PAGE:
Xavier Edwards, a switch-hitting shortstop selected 38th overall in 2018 by the Padres, was limited to batting only left-handed in Rookie ball due to a wrist injury. His talent as one of the top hitters in his Draft class wasn't limited, however.
In 45 games after signing with San Diego, Edwards still managed to whack opposing pitching for a .346 batting average. Moved up to the Class A Fort Wayne TinCaps for the start of the 2019 season, the 5-foot-10, 175-pounder is hitting .354 in 26 games, including a five-hit performance on May 1.
"I'm back to switch-hitting this year; I'm hitting righty again," Edwards said. "Last year wasn't too bad. It was a little tough going left-on-left at first, but it ended up well."
Ranked as the No. 12 prospect in the Padres system, Edwards needed a couple of weeks to get into the swing of things. He was hitting .280 entering the last week of April, then his stats skyrocketed.
"I changed a few things with my pregame tendency and a few things in the cage, how I approach my day with the bat," he said. "I focused on some little things, like my top hand. It seems to be working as of late."
Video: Edwards triples to right for TinCaps
Edwards started switch-hitting when he was six years old, thanks to his father, Jovon Edwards, a former Minor Leaguer who was the Dodgers' fourth-round pick in 1984. Edwards fought off the urge to quit switch-hitting when it was extremely challenging in his formative years. Now, switch-hitting is a formidable weapon in his arsenal.
"All the off-speed pitches coming into me, whether it's a righty or a lefty," Edwards said of his advantage at the plate. "I'm a natural right-handed hitter. It's a challenge to stay on top of it, because there aren't as many left-handed pitchers, but it kind of makes an easier transition for me when it happens, because it's going to my dominant side."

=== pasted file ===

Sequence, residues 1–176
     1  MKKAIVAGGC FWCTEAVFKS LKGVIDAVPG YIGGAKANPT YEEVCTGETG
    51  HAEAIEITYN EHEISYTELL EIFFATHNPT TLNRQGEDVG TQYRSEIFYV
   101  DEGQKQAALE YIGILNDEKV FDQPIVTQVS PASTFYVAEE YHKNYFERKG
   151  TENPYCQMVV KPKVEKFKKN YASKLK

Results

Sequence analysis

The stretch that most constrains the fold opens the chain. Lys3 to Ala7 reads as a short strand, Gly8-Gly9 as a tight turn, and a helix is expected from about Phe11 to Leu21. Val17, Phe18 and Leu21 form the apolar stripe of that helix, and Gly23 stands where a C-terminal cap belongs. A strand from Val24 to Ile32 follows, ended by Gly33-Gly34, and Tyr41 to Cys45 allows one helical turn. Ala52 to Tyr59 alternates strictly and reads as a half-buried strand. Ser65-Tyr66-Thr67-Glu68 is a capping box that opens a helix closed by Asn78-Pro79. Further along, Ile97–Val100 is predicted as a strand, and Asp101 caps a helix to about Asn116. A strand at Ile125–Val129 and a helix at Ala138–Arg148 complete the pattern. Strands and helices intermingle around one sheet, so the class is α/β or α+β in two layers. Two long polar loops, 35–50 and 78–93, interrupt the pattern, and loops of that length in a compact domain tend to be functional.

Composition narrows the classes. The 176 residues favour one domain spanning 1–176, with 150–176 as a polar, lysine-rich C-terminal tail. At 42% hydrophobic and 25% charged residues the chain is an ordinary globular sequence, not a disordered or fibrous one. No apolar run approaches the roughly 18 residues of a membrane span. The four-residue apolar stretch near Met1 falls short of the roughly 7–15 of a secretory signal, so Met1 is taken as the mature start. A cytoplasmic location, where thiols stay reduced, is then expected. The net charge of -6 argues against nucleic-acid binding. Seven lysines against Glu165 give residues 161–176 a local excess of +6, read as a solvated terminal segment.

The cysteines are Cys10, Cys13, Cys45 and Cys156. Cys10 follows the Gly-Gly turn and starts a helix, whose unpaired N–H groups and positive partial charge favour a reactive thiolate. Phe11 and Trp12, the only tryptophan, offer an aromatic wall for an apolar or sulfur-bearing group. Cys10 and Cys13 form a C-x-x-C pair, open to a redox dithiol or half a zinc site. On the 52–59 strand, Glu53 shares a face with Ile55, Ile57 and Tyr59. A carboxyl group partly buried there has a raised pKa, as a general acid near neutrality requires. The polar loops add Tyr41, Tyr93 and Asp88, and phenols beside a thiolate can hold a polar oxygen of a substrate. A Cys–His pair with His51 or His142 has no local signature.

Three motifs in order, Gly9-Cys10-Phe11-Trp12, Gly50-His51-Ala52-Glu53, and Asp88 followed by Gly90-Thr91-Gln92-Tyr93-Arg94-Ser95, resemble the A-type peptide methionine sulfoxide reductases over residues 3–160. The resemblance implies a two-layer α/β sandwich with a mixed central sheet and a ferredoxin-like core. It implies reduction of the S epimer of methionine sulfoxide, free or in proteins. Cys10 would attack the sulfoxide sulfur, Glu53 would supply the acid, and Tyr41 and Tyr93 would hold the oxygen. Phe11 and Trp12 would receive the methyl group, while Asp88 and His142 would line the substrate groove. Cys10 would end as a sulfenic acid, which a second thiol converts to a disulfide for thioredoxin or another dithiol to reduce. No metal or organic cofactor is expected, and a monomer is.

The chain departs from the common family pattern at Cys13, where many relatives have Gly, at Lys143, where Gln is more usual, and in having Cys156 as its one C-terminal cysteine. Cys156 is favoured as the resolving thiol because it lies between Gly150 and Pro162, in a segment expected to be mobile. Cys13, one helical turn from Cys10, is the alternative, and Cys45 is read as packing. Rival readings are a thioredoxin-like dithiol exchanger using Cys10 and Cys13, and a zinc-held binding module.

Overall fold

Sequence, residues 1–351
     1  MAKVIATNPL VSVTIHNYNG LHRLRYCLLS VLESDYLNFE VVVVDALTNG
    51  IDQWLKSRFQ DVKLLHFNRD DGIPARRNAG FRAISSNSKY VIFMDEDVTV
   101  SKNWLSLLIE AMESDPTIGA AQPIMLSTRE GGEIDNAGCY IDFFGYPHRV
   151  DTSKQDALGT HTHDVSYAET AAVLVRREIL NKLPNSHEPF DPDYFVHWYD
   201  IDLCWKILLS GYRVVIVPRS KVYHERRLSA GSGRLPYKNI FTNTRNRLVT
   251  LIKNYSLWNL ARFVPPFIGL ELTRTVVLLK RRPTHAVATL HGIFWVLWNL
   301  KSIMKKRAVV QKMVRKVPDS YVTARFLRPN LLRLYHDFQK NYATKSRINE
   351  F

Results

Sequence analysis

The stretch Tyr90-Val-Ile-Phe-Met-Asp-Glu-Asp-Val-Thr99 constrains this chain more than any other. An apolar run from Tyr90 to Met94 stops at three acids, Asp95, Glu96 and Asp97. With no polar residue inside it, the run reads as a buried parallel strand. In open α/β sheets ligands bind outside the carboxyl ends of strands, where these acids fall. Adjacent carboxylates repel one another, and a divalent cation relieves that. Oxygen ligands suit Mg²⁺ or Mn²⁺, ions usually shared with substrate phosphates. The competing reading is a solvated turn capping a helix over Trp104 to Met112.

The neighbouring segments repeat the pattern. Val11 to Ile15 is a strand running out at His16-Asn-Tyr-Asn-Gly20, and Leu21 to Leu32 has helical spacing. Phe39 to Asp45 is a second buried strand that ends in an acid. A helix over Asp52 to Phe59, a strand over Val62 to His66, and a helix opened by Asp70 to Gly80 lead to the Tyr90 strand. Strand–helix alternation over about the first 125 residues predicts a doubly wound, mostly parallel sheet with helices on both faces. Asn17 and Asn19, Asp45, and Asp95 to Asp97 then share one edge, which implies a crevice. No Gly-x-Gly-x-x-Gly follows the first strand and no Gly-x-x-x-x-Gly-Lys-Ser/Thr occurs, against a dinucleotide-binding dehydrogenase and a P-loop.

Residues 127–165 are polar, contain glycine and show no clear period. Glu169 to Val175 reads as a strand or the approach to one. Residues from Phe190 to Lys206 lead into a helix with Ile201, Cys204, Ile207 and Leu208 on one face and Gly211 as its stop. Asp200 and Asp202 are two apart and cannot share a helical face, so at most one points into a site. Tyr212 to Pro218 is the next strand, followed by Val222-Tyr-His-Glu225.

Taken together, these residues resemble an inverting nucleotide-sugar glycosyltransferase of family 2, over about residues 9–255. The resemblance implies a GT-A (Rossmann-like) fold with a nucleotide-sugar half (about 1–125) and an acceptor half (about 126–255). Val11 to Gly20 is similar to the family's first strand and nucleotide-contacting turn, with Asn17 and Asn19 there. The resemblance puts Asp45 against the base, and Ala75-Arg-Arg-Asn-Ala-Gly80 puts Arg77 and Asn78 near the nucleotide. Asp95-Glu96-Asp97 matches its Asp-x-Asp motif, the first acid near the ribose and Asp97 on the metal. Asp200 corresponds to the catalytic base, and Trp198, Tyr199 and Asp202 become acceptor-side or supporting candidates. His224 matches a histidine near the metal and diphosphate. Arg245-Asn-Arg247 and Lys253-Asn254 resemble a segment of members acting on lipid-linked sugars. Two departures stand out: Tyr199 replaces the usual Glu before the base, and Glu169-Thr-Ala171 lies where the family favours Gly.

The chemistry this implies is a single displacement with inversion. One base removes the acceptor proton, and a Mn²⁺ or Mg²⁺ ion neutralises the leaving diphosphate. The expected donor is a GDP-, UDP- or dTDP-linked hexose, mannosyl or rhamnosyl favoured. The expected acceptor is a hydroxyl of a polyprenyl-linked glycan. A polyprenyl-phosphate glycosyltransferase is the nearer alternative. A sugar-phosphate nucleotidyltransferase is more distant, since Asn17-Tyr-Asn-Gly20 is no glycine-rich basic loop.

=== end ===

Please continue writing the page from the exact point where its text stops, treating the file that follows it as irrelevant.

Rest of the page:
2019 MiLB include
The elder Edwards has been a guiding influence for the son, who was a Vanderbilt commit before signing with the Padres. Jovon Edwards made his son aware of the 140-game grind of the Minor Leagues and what to expect, helping him to be prepared for the mental and physical challenges of the long season.
Xavier Edwards' mother, Lynette, initially got Xavier interested in baseball. Jovon Edwards was helping his daughter hone her prolific tennis career, and Lynette got the younger Xavier on the field.
"I'm grateful for the wonderful parents I have," Edwards said. "My mom got me into baseball, and my dad has taught me so much about the game, how to play the game and play it the right way."
Fort Wayne hitting coach Jon Mathews said Edwards has an intellectual depth in his approach to baseball.
"Xavier is just a great kid," Mathews said. "He's a really smart person and a really smart baseball player. He's been pleasure to be around.
"Xavier has a pretty good feel for breaking down pitchers and what they're going to try to do to him. For me, more than that, it helps him to control his emotions. He plays on a very even keel. He doesn't get too excited, he doesn't panic. He's got a really slow heartbeat. A lot of that is due to the fact that he's a really smart kid. He knows that he's had success in the past, and he will continue to have success in the future."
Flooding woes: A three-game series between division leaders Quad Cities and Great Lakes has been canceled and will not be made up because of the flooding situation in the Davenport area that has rendered Modern Woodmen Park unplayable. The Mississippi River is receding, but clean-up is still ongoing. The River Bandits have only played three home games out of 15 that were scheduled so far. Quad Cities has played home games at Minor League facilities in Clinton, Burlington, Cedar Rapids and Peoria, as well as a three--game series at the University of Iowa.
Pitching turnaround: Dragons pitchers are starting to get on the right track. Dayton hurlers have allowed four runs or less in six straight games (their best stretch so far this season). The team ERA over the last six games is 3.23, compared to the full-season ERA of 5.27.
Tampa Bay pick-up: Shane Baz was reassigned to Bowling Green from extended spring training. Baz, a 2017 MLB Draft first-round pick (12th overall) by the Pittsburgh Pirates, was picked up by the Rays in a trade with the Bucs last August. He was a player to be named later in the deal that sent Chris Archer to the Pirates. Baz is the 10th-ranked prospect in the Rays' system, according to MLB.com.